A Market’s Reward Scheme, Media Attention, and the Transitory Success of Managerial Change
Against the background of growing media interest in professional soccer, this paper proposes a moral hazard model with costly state verification to explain how rule changes affecting the reward scheme of team performance impact on the success of managerial change. As has been shown recently based on four decades of data from the German soccer premiership by Wagner (2010), the incentive change in professional soccer leagues enacted by the FIFA in 1995/96 rendered the drastic measure of firing a coach a more efficient instrument in the clubs’ striving for success. In contrast to existing approaches, our model by accommodating the role of media interest is able to jointly explain (i) the impact of introducing an asymmetric reward scheme, (ii) of managerial turnover and (iii) of the perceived degree of ambition of a club on the athletic output of the team. It is shown that the rule change induces a higher agency cost, which is temporarily economized by clubs that change their management. This cost reducing effect temporarily enhances the efficiency of generating athletic output for top league clubs.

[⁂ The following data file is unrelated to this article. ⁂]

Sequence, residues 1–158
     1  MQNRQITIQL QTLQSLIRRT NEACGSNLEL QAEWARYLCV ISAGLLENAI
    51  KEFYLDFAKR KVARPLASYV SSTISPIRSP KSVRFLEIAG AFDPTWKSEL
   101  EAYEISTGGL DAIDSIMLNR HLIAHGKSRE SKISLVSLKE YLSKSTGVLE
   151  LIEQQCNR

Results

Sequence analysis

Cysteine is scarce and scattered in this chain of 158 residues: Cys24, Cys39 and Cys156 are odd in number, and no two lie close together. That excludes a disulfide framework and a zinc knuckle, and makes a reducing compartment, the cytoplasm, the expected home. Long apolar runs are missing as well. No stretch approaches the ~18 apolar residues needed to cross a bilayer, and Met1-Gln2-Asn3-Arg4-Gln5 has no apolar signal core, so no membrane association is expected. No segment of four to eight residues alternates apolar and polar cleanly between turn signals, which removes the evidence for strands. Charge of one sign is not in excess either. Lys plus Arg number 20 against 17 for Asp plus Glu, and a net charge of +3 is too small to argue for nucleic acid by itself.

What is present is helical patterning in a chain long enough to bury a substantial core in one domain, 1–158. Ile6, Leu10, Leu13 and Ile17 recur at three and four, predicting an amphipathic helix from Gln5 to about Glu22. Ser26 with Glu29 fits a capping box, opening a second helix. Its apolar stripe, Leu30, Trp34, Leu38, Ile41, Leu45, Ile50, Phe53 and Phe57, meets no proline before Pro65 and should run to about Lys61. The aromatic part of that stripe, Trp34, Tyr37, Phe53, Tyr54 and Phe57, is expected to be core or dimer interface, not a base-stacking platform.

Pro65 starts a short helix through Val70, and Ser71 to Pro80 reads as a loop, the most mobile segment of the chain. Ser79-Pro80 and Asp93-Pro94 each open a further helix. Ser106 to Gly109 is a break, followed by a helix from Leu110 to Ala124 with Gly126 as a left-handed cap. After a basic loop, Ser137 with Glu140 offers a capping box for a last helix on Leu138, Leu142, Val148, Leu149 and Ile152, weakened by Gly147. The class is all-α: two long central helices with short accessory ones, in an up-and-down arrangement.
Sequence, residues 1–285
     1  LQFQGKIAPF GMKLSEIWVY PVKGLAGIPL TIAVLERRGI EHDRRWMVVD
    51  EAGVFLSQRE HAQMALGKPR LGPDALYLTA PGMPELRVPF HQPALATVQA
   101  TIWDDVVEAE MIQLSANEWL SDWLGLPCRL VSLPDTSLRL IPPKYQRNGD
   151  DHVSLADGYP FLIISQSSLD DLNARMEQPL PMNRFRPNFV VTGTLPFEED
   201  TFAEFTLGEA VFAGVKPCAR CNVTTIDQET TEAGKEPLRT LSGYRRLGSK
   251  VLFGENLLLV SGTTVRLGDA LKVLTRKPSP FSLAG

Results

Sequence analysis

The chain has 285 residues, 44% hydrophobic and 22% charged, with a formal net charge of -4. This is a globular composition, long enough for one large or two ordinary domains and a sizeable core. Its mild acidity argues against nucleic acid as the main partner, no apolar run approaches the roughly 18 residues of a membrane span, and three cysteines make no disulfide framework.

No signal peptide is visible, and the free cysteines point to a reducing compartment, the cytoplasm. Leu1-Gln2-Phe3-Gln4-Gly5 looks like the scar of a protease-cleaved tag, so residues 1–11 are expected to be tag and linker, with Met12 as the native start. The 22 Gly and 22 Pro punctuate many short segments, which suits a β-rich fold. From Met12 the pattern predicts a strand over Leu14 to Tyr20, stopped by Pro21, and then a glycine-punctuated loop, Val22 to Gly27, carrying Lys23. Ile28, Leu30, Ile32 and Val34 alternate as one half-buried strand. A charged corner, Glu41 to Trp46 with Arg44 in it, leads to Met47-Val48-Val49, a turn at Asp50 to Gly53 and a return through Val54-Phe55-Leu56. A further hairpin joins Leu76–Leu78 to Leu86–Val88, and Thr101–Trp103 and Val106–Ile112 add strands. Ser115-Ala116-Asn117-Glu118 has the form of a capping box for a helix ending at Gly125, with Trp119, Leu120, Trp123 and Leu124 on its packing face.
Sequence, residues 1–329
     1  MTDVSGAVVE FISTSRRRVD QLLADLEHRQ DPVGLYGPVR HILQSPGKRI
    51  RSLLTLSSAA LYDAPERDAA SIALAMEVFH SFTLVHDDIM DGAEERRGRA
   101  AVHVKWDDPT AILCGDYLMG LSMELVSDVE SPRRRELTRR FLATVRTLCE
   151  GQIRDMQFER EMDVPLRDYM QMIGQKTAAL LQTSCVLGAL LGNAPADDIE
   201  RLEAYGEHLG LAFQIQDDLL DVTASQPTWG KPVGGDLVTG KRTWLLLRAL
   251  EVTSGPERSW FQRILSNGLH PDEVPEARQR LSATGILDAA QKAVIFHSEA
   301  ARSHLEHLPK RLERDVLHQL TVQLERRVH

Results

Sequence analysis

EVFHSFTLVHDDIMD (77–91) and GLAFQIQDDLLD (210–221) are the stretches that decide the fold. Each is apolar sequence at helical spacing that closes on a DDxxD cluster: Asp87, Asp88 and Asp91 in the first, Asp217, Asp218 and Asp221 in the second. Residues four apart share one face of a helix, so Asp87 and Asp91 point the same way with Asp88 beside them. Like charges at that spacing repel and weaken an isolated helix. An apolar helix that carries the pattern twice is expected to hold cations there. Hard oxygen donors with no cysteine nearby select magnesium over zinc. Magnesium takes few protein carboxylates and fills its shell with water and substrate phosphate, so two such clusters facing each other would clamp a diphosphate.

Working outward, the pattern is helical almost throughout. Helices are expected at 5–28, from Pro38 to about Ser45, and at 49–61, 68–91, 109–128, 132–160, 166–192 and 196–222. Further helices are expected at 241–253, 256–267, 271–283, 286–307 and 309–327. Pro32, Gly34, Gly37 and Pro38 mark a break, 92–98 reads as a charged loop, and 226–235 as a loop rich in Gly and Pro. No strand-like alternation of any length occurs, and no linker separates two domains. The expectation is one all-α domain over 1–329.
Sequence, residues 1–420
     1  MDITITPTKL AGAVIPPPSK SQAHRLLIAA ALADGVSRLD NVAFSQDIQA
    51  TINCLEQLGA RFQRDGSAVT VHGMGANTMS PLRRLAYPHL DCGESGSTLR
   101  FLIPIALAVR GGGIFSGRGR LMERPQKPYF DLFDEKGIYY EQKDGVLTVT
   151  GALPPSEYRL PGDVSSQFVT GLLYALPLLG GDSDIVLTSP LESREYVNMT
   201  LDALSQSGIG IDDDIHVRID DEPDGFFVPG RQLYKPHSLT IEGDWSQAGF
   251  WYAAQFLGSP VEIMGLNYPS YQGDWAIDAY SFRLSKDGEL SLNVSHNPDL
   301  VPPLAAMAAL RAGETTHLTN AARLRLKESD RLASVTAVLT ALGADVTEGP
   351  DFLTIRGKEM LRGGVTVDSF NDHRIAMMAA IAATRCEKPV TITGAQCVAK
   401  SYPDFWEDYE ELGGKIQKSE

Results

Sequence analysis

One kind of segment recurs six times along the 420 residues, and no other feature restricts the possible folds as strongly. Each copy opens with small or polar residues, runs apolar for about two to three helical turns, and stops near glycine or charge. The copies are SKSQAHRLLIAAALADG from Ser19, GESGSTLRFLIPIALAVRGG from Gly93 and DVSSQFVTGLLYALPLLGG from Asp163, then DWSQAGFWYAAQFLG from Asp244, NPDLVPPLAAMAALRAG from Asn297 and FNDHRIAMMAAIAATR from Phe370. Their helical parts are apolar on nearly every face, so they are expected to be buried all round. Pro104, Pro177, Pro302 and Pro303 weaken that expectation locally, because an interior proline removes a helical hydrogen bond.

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Volume (Year): 232 (2012)
Issue (Month): 3 (June)
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References listed on IDEAS
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- Mathias Dewatripont & Philippe Aghion & Patrick Rey, 2004.
ULB Institutional Repository
2013/9647, ULB -- Universite Libre de Bruxelles.
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